Self-employed veterans have the same home loan benefits as an employed veteran. The difference is in the requirements. Lenders have to be a little stricter with the self-employed borrower because of the risk they pose. Working for yourself might be a part of the American Dream, but it’s a high risk for lenders as your income is less reliable than if you worked for someone else.
Keep reading to learn the requirements for veterans working for themselves.
Who is Self-Employed?
First, let’s look at who the VA/lenders consider self-employed. Obviously, a veteran that wholly owns his own business is self-employed. But, there are other borrowers that the VA considers self-employed as well:
- Borrowers that own more than 25% of a company
- Borrowers that freelance for a majority of their income
- Borrowers that do contract work and receive a 1099
If any of these apply to you, the self-employment VA guidelines will apply.
Proving Your Qualifications for a VA Loan
As a self-employed borrower, you run a higher risk for the lender. Lenders need to see that your company is financially stable and that your personal finances are in order. Owning your own business means that you are responsible for all of the business expenses. This can leak into your personal finances, making it hard to afford your mortgage payments. In order to avoid default, the VA requires the following:
- Two years of personal income taxes with all schedules
- Two years of business income taxes with all schedules (in some cases)
- Profit and Loss Statement documenting your YTD earnings
- Business balance sheets for the current year
Lenders need your tax returns (personal and/or business) to determine your income. They look to see if you claimed a business loss. If you did, the lender must use that number for qualification purposes. Obviously, if you claim a loss, you won’t get a mortgage.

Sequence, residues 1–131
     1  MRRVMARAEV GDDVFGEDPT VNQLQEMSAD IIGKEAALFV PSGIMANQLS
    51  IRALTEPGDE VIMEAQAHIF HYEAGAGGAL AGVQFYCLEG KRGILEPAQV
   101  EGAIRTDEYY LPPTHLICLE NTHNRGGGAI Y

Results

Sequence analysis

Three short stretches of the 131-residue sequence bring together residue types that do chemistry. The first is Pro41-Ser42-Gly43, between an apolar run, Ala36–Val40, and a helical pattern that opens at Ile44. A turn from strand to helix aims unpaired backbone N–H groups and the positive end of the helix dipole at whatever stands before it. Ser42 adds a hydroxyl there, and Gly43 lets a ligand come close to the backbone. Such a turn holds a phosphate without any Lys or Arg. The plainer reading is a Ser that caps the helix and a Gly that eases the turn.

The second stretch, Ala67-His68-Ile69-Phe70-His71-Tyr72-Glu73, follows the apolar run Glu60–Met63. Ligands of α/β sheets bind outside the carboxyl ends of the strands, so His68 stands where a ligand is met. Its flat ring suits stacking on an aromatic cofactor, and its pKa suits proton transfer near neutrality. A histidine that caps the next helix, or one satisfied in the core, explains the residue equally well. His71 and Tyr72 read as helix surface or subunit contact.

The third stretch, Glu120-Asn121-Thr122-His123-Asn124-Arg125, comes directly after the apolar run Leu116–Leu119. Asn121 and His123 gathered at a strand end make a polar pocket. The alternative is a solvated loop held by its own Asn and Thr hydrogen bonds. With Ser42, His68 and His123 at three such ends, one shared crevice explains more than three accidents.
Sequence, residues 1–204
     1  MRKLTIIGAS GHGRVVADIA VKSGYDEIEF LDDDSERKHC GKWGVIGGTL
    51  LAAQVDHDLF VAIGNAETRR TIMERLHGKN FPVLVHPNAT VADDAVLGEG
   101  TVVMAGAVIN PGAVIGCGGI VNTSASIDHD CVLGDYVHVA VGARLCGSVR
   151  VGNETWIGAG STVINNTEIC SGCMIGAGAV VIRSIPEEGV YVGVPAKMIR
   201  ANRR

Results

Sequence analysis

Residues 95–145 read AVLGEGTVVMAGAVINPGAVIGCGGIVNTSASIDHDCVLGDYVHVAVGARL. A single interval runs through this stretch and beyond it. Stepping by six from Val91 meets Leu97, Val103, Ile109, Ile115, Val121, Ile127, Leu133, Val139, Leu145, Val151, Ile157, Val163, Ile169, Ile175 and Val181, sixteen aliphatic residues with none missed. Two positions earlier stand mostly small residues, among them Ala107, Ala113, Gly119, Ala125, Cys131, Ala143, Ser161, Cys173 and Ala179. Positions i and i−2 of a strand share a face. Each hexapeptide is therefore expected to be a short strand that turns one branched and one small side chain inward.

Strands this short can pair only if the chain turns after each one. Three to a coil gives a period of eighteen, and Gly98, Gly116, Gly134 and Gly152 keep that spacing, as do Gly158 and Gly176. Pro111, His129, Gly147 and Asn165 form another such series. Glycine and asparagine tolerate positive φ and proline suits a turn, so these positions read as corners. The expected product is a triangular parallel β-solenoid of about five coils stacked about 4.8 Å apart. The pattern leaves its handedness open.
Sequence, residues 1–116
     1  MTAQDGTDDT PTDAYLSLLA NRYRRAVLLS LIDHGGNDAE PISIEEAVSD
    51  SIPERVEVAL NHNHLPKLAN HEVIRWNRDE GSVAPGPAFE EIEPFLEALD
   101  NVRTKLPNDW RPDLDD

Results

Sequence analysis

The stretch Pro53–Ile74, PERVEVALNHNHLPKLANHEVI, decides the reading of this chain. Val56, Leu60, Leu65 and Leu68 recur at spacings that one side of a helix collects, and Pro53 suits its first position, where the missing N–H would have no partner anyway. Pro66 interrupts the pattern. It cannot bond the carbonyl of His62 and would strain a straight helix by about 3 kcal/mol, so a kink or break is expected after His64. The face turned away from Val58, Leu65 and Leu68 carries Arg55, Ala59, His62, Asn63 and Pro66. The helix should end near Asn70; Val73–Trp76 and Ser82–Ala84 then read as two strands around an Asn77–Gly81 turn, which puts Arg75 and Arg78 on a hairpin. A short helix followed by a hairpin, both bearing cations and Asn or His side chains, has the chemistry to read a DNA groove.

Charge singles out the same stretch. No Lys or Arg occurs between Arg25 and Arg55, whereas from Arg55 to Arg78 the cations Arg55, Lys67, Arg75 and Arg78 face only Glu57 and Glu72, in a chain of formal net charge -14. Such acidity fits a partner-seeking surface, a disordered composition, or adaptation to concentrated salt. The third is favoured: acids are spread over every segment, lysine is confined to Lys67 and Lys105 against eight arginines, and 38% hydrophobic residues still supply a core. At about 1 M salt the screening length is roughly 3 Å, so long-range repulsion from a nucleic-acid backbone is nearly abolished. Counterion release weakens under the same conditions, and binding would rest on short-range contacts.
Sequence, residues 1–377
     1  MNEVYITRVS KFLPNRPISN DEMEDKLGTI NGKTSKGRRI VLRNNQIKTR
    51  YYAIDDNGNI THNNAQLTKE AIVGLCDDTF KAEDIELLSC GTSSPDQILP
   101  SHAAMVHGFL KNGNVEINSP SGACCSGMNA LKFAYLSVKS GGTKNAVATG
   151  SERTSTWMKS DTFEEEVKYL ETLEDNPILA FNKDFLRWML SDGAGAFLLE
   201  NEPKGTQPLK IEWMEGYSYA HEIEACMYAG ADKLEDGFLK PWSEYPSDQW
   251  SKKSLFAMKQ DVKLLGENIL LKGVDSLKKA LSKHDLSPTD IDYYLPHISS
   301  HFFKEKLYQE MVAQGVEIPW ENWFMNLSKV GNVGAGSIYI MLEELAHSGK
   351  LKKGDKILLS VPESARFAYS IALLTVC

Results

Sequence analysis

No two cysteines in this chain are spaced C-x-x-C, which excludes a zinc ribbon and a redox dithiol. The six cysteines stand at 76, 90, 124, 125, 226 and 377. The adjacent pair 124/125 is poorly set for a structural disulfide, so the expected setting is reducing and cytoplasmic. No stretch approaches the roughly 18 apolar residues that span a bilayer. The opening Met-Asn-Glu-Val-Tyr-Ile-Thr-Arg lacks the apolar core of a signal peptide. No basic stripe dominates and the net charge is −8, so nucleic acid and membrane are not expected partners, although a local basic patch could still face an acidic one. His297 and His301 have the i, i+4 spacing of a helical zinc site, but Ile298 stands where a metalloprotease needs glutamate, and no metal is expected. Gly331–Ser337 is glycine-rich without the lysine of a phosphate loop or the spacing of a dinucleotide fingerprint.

Keep in mind that lenders use your net profit, not your gross profit. This differs from an employed borrower who can use his gross income to qualify for a mortgage. Lenders take into consideration all expenses that you write off on your taxes. The net income that you claim is the income they use for qualification purposes. It may be to your benefit to hold off on those write-offs for a year or two in order to prove that you make ample money to secure a mortgage.
The VA Loan Requirements
Aside from the documents you must provide, the VA has the same rules for qualifying for a VA loan as the employed borrower. This means:
- Minimum credit score of 620
- Maximum total debt ratio of 43%
- Enough disposable income to meet the requirements for your location and family size
- Steady employment
- Decent credit history
Some lenders may have stricter requirements for the self-employed borrower, because of the risk they pose. For example, they may require a higher credit score than 620 or want to see a lower debt ratio than 43%.
Each lender has their own requirements. If you are self-employed and don’t have a high credit score or low debt ratio, all you have to do is shop around. Each lender will have a different threshold for risk. You may find a lender willing to fund your loan despite the higher risk you pose.
What lenders want to see is consistency and reliability. If your income drops from one year to the next, that’s a red flag. If your income is stable or steadily increases, though, it could show lenders that you are a good risk. The best thing you can do to increase your chances of approval is to make sure your credit history is stable and that your debt ratio is low. If you can afford it, you may even want to make a small down payment on the home to offset the risk of your self-employment.